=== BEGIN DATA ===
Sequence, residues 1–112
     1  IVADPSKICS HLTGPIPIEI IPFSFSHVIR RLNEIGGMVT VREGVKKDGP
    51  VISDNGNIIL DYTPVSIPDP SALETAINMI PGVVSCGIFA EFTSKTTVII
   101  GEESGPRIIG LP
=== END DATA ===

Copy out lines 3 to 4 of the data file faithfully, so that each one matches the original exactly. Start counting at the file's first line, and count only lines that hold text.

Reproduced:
    51  VISDNGNIIL DYTPVSIPDP SALETAINMI PGVVSCGIFA EFTSKTTVII
   101  GEESGPRIIG LP